Wednesday, August 7, 2013

Who Says You Can’t Go Home?

Last night’s saga continued into this morning, although the worst was behind me. I woke up less angry – as tends to happen – and by the end of this morning’s trials, I was past it. I was too busy getting excited about what would be revealed the moment we emerged from the Wawona Tunnel. We had planned Tunnel View as the very first perspective on Yosemite Valley my mother would see, and it did not disappoint: 

Somewhere about that time, my brother decided to overplay his hand. The details don’t really matter; suffice it to say that he crossed a line of selfishness and irresponsibility so that even his most ardent supporters could no longer defend him. My mother, sister, and I were now the problem and he needed to go and disappear. Of course, he did this in the most dramatic, trolling, and faux-irresponsible way he could manage at the time. So none of us were particularly heartbroken to be able to see the park without carrying him as an albatross.

So off we went. We decided to tackle the easy trails in the valley today so we could stick together (my mother’s bad knee will force us to split up when it comes to the more difficult ones). But even before reaching the first trailhead, it was clear that Yosemite was very different than it had been when my sister first visited just 3 months ago. The roaring Merced River, mighty Yosemite Falls, and even dependable Bridalveil Falls had all fallen victim to a snow pack 50% lighter than average, and were in various stages of dryness. The trail to Bridalveil Falls, for which I had specifically packed a plastic camera sleeve as protection from the soaking spray, instead looked like this:

Yosemite Falls was in far worse shape (actually, “worse” is probably the wrong word. It’s natural for this to happen, it’s just unfortunate when it happens while I’m visiting). They appeared to have dried up long ago, as thick layers of algae and moss were thriving in areas the thundering Lower Falls usually drenched.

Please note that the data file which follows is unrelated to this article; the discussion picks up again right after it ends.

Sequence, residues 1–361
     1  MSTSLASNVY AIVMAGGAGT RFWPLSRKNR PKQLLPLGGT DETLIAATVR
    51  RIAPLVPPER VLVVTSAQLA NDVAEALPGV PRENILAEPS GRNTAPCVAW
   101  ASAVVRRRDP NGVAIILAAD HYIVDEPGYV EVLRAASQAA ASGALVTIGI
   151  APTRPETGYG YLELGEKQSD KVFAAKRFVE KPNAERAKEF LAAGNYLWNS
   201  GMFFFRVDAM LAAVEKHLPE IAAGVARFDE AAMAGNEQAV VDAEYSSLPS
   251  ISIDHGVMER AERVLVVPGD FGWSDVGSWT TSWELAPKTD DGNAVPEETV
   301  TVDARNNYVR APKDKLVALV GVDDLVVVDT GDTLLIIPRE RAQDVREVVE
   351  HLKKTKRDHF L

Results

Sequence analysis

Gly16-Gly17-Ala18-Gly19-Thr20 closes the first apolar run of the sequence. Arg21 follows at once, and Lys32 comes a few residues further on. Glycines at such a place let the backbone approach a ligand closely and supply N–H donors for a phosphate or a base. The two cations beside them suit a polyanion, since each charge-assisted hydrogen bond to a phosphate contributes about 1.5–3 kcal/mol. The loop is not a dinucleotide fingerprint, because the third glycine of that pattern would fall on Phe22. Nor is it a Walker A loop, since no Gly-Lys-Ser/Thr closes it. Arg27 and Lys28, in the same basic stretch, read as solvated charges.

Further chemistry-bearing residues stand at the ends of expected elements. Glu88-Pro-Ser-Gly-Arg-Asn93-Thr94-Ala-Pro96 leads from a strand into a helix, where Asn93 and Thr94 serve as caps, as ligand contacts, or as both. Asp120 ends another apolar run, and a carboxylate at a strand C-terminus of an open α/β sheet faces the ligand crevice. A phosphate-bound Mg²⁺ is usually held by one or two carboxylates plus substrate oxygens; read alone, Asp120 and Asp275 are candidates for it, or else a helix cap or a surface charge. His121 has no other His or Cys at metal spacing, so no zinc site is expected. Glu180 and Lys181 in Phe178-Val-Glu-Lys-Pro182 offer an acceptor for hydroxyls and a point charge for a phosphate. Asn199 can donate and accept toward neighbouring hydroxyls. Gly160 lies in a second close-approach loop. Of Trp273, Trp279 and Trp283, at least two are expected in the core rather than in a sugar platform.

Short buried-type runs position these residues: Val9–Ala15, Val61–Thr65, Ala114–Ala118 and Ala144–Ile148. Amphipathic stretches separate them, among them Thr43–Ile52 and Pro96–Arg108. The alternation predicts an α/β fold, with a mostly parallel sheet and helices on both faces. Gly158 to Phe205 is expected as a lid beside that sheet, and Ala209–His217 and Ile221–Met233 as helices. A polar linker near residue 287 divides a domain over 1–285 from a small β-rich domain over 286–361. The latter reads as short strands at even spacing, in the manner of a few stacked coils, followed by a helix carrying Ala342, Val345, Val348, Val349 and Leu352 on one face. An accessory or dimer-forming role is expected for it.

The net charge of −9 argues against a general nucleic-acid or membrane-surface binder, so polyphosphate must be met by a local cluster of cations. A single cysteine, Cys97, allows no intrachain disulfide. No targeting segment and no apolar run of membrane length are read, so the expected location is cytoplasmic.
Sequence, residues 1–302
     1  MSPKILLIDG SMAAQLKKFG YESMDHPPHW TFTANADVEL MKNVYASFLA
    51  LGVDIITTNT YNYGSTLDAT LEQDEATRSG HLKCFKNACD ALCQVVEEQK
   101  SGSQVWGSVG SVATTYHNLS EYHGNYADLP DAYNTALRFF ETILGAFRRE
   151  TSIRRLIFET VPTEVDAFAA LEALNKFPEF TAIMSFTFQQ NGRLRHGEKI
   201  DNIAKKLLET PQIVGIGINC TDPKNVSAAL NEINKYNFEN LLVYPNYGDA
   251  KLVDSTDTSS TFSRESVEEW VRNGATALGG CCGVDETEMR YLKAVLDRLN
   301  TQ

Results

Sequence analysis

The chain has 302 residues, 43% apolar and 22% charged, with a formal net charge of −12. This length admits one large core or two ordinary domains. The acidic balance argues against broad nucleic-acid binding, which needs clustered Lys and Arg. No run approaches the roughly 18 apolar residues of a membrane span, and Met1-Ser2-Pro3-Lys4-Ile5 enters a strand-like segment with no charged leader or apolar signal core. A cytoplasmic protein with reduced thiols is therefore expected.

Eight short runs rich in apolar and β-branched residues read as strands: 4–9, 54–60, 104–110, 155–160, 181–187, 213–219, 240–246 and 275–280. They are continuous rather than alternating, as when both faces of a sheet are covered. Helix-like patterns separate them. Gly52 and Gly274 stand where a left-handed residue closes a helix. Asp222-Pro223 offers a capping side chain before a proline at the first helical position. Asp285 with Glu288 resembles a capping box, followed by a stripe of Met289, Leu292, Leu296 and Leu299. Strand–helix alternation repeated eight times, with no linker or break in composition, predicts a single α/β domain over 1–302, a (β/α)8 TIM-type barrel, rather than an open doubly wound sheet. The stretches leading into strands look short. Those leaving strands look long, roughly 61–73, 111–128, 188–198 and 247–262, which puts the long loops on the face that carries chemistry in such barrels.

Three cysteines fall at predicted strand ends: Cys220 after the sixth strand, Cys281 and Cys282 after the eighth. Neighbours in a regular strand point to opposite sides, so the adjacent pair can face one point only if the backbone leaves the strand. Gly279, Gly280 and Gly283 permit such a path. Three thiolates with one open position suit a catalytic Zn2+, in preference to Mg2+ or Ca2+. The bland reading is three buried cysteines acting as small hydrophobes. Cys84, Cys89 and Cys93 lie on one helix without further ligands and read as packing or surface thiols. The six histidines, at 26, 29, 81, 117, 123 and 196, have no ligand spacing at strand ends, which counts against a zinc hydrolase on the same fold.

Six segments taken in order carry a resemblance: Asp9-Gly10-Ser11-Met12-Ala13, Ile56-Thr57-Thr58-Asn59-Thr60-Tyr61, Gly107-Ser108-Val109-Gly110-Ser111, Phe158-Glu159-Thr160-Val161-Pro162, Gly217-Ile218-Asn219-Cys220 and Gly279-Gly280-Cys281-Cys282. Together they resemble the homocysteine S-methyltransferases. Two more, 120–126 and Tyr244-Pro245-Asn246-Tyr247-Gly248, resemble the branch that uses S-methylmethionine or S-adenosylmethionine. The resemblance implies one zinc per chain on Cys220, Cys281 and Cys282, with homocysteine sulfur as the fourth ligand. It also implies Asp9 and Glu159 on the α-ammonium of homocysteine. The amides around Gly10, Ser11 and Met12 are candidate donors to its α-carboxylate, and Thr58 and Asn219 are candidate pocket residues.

A bit of water did seem to be trickling over the cusp of the Upper Falls but this drip was so slight that even the lightest breeze provided enough force to blow it away and keep any of it from reaching the falls’ lower courses.

This isn’t to say these falls’ weren’t spectacular in their own rights. The incredible contrast between the scenery at high and low flow periods was just as amazing as the falling water, itself. The loss of these two major valley landmarks turned their respective granite backdrops into unremarkable rock faces, which only served to further highlight the more well-known ones like El Capitan and Half Dome.

The last of the “easy” trails in the valley was the Mirror Lake trail – another that I hadn’t taken during my last visit. Normally, the easy road along the base of Half Dome terminates at a glacial lake known for providing mirror like reflections of the dome above. During the current drought, it’s been literally reduced to a puddle hiding in the shadow of a large boulder that usually sits in the middle of the lake. Again, this did not diminish the trail’s beauty – especially because I had nothing to compare it to. The softly lit views of the distant cliffs flanking Tenaya Canyon lent a Bierstadt-like quality to the landscape, which appeared more like a green screen background than real life.

After dinner at what felt like the only eating establishment in the valley that stayed up past 6pm, we found ourselves heading to our hotel outside the park just as the sun was starting to warm up. I managed to convince the family to stop at Valley View so I could get sunset pictures. I think my method of persuasion first involved pointing out that we’d literally have to pass that point anyway, and then devolving into claiming it would be “cruel” to drive past it at the right time and not let me stop for a few minutes. Probably more to shut me up than because she saw the validity of my argument, my mother relented and pulled over. With the low calm Merced River in the foreground to provide reflections of the granite monoliths above, this was the result:

A tumultuous day to be sure, but things seem to be trending upward. Tomorrow we bid adieu to my brother as he flies back home, and we remaining three continue on without him. I don’t think I need to spell it out for you to understand how I feel about that particular development.

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